Monday, December 02, 2013

Metal Briefs: Is It Ambient?

To Yawn, or Not to Yawn?

When I first started reading the metal press a few years back, I was surprised to discover just how much the "ambient" music audience seems to overlap the metal audience. But, it turns out, the two genres can have a lot in common, and the lines aren't always clear.

Mamiffer & Circle: Enharmonic Intervals (for Paschen Organ)
4 out of 5 stars

Circle is (apparently) fairly well-known in avant-garde circles, and Mamiffer used pretty much just a piano to put me off listening to music while eating. Put them together, and you'll get the best kind of ambient (more or less), with weird and offensive string noises, choral singing, hypnotic organ melodies, and madman screams.

Ulver: Messe I.X - VI.X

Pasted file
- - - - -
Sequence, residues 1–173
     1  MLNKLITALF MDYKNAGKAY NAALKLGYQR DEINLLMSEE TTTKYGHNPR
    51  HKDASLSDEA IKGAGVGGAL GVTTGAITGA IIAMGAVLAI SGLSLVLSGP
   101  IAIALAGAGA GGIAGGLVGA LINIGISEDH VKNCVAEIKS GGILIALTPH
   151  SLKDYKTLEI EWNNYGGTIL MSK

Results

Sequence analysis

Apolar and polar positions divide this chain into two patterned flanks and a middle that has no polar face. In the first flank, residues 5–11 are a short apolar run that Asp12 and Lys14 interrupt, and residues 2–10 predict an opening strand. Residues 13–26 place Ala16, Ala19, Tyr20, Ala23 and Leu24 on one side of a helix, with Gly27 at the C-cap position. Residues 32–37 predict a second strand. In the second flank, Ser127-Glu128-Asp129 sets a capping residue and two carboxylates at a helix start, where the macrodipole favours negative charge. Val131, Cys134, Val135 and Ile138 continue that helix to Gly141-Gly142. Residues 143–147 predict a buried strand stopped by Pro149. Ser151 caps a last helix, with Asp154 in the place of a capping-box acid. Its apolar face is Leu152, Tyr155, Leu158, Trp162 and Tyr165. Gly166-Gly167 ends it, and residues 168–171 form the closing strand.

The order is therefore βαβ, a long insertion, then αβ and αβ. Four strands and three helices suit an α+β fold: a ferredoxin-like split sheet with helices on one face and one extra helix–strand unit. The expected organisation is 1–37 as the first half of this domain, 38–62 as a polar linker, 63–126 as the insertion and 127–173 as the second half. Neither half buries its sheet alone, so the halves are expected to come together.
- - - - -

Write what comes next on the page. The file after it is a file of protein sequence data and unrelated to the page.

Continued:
2.5 out of 5 stars

The promo materials said something about this being commissioned by someone for some reason, and had lots of other information. Is that really important? I don't think so, and neither is the name Ulver really that useful to telling you what's in this. It's extremely subdued ambient music that mostly sounds like modern electronic soundtrack, but also has some cello that I would place in the mournful Far Eastern category. It's only kind of interesting.

Lustre: Wonder
3 out of 5 stars

Lustre's Wonder hovers somewhere in a nether realm between atmospheric black metal and dark ambient. You could also make the case that it's funeral doom. I'd say the synths are overwhelmingly the central focus, though, the guitars and occasional whispered vocal being used as one more ambient effect. My first instinct is to be completely dismissive, but the synth melodies and the mood here--I like it, just a little. "Green Worlds" is, at the least, compelling.

No comments:

Post a Comment